- enPR: kīnd, IPA: /kaɪnd/, X-SAMPA: /kaInd/
- Rhymes: -aɪnd
- See also Wikisaurus:affectionate
- A type, race or category; a group of entities that have common characteristics such that they may be grouped together .
- A makeshift or otherwise atypical specimen .
- ( archaic ) One's inherent nature; character, natural disposition.
- Goods or services used as payment, as e.g. in a barter .
- Equivalent means used as response to an action .
- dink, DINK
- Kind ( kīnd ), a. [Compar. Kinder ( kīndẽr ); superl. Kindest.] [AS. cynde, gecynde, natural, innate, prop. an old p. p. from the root of E. kin. See Kin kindred.]
1. Characteristic of the species; belonging to one's nature; natural; native. [Obs.] Chaucer.
It becometh sweeter than it should be, and loseth the kind taste. Holland.
2. Having feelings befitting our common nature; congenial; sympathetic; as, “a kind man; a kind heart.”
Yet was he kind, or if severe in aught,
The love he bore to learning was his fault. Goldsmith.
3. Showing tenderness or goodness; disposed to do good and confer happiness; averse to hurting or paining; benevolent; benignant; gracious.
He is kind unto the unthankful and to evil. Luke vi 35.
O cruel Death, to those you take more kind
Than to the wretched mortals left behind. Waller.
A fellow feeling makes one wondrous kind. Garrick.
4. Proceeding from, or characterized by, goodness, gentleness, or benevolence; as, “a kind act”. “Manners so kind, yet stately.” Tennyson.
5. Gentle; tractable; easily governed; as, “a horse kind in harness”.
Syn. -- Benevolent; benign; beneficent; bounteous; gracious; propitious; generous; forbearing; indulgent; tender; humane; compassionate; good; lenient; clement; mild; gentle; bland; obliging; friendly; amicable. See Obliging.
- Kind, n. [OE. kinde, cunde, AS. cynd. See Kind, a.]
1. Nature; natural instinct or disposition. [Obs.]
He knew by kind and by no other lore. Chaucer.
Some of you, on pure instinct of nature,
Are led by kind t'admire your fellow-creature. Dryden.
2. Race; genus; species; generic class; as, “in mankind or humankind”. “Come of so low a kind.” Chaucer.
Every kind of beasts, and of birds. James iii.7.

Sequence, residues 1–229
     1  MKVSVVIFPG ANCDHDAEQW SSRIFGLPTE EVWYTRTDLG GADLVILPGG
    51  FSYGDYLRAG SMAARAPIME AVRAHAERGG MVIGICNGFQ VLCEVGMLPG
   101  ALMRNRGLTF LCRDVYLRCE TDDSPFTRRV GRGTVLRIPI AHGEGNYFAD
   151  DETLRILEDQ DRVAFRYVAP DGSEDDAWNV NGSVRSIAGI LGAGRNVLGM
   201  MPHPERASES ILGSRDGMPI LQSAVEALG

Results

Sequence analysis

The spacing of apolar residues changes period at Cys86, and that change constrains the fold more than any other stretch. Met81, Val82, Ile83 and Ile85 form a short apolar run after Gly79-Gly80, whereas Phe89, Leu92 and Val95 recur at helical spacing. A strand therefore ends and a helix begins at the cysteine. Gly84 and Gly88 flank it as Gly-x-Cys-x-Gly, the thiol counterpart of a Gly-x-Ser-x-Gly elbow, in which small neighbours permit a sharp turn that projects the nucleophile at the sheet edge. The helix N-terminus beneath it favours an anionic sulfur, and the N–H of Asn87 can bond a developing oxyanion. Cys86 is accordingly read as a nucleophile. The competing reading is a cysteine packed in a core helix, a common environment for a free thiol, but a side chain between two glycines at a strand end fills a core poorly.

She follows the law of her kind. Wordsworth.
Here to sow the seed of bread,
That man and all the kinds be fed. Emerson.
3. Sort; type; class; nature; style; character; fashion; manner; variety; description; as, “there are several kinds of eloquence, of style, and of music; many kinds of government; various kinds of soil, etc.”
How diversely Love doth his pageants play,
And snows his power in variable kinds ! Spenser.
There is one kind of flesh of men, another flesh of beasts, another of fishes, and another of birds. I Cor. xv. 39.
Diogenes was asked in a kind of scorn: What was the matter that philosophers haunted rich men, and not rich men philosophers? Bacon.
A kind of, something belonging to the class of; something like to; -- said loosely or slightingly. In kind, in the produce or designated commodity itself, as distinguished from its value in money.
Tax on tillage was often levied in kind upon corn. Arbuthnot.
Syn. -- Sort; species; type; class; genus; nature; style; character; breed; set.
- Kind, v. t. [See Kin.] To beget. [Obs.] Spenser.
From Old English cynde, cynd ( “generation” ) .
( 1 ) and/or ( 2 )
By Wiktionary ( 2012/06/13 00:04 UTC Version )
From Middle English -kinde, -kunde, -kuinde, alteration ( due to the noun kind ( “type, class” ) ) of Middle English -kin, -kun, -cun, from Old English -cynn ( “of or belonging to a specified race or family” ), from cynn ( “family, race” ), see kin. Most uses appear to have been formed by analogy with mankind .
Explanation of kind by Wordnet Dictionary
Definition of kind by GCIDE Dictionary